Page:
Port typed by Required Interface
Port typed by Required Interface    
A port typed by required interface is both a connectable element and a structural feature of an encapsulated classifier. The required interface specifies the services that the classifier uses (requires) through the port. Requests that arrive at the port are provided by the classifier that realizes the interface specified by the port.
Part
Part    
A part is a property of a classifier and is used to represent the structural composition of a classifier. A part represents a set of instances either owned by the classifier or referenced by the classifier. The instances corresponding to its part may be created when the instance of the containing classifier is created or at some other point in its lifetime. When the containing classifier is destroyed all instances representing the parts are also destroyed. A part can declare a multiplicity, which indicates the allowable number of instances corresponding to the property (part) that can exist within the containing classifier. The multiplicity expression typically follows the name but may be placed in the top right hand corner of the part. Parts may be related to each other using connectors.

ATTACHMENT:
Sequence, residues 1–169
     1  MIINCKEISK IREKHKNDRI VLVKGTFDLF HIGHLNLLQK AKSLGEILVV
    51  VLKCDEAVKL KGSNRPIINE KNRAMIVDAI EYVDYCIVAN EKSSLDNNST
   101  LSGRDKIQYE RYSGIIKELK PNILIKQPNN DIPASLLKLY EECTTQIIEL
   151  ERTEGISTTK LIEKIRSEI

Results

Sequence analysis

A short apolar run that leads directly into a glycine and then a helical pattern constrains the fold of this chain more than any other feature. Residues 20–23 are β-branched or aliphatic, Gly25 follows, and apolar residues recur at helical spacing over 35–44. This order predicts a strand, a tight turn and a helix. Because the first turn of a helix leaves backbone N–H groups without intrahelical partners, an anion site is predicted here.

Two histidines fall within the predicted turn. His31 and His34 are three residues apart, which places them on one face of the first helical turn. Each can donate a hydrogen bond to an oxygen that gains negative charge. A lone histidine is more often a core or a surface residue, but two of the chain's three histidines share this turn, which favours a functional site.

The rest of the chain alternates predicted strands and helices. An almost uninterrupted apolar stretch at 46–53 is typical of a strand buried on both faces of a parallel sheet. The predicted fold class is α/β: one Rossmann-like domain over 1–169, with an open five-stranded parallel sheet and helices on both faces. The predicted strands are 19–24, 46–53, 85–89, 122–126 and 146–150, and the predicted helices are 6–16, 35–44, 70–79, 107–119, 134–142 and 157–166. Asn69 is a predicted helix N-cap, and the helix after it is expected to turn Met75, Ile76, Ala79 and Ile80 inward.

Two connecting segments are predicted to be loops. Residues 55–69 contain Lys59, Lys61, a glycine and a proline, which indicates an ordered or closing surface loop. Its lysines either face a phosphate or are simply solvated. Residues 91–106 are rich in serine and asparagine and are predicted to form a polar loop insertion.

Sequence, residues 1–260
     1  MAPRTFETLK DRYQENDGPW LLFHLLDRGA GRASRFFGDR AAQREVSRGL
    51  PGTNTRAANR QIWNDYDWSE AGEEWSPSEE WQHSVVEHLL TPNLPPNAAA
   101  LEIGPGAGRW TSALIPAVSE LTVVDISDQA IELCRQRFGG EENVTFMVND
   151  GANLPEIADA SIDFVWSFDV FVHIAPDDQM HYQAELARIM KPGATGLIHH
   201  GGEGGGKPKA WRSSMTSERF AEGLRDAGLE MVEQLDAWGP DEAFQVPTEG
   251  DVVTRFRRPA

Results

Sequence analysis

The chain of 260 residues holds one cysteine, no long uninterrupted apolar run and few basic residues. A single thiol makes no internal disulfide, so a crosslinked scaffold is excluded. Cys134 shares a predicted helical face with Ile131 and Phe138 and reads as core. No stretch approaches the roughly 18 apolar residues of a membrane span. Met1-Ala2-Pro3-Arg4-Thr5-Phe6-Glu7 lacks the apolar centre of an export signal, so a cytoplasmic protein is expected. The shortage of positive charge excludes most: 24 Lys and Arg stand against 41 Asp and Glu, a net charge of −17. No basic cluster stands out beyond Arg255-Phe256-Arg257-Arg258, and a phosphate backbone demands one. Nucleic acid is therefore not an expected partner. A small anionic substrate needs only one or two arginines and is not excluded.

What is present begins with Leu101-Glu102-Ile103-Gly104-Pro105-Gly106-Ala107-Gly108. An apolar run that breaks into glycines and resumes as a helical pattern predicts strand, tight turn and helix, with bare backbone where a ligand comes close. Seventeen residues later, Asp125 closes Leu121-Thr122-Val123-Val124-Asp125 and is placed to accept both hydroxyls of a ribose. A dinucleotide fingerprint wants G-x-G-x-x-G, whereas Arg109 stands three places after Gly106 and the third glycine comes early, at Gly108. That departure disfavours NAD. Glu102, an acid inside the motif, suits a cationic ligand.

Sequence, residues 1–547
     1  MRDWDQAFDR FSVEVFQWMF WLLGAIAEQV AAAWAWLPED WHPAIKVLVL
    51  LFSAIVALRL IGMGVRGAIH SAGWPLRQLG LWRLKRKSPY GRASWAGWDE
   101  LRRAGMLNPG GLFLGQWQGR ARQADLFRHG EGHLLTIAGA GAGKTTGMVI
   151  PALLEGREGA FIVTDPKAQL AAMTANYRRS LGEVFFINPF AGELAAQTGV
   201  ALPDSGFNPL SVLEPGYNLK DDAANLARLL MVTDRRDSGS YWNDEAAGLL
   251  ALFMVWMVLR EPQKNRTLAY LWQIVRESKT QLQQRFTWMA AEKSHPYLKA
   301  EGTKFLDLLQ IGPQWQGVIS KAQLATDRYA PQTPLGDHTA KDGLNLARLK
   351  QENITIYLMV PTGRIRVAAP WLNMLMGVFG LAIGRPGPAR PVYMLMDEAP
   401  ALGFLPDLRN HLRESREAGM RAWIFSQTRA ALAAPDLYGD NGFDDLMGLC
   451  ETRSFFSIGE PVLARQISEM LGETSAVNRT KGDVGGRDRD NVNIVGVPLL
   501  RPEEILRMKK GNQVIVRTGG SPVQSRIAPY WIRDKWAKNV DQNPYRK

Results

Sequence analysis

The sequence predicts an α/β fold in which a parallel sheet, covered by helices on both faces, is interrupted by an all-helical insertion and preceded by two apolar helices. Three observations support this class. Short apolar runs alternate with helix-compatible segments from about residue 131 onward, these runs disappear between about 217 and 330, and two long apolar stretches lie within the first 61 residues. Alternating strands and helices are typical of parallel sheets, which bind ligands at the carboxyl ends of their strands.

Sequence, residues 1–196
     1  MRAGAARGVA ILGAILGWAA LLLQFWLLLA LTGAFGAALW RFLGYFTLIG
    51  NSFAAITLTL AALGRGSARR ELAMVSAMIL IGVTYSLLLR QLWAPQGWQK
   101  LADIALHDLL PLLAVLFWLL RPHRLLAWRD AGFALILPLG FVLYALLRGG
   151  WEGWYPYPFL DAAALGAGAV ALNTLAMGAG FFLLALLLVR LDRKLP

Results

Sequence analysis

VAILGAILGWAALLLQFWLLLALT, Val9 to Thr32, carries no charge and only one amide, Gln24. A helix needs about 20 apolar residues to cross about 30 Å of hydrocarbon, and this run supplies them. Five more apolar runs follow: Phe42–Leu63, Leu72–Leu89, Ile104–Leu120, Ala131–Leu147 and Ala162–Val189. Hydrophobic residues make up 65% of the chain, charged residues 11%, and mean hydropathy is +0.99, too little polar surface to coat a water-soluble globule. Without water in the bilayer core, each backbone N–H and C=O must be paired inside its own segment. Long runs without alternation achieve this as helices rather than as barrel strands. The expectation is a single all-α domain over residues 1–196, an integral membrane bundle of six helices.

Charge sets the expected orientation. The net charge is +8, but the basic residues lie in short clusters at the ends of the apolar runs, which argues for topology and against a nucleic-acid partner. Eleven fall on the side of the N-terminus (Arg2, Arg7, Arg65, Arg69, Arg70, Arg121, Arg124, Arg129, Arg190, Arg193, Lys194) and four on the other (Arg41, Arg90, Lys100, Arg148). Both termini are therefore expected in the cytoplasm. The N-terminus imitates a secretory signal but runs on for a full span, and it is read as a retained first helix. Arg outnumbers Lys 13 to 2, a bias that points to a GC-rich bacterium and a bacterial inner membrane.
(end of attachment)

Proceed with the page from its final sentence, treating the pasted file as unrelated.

Delegation Connector
Delegation Connector    
A delegation connector is a kind of connector that is specialized for use in component modeling. It is used to show how the specification of behavior is realized by a component. When a delegation connector is specified, any signals arriving at the port will be passed (delegated) onto an internal part, which may be another component or a part owned by the component. Similarly when a component needs to communicate with its external environment, these signals are passed from the internal part or component to a port or interface via a delegation connector.
Dependency
Dependency    
A dependency is a type of relationship that signifies that one element, or group of elements, acting as the client depends on another element or group of elements that act as a supplier. It is a weak relationship that denotes that if the supplier is changed the client may be affected. It is a unidirectional relationship.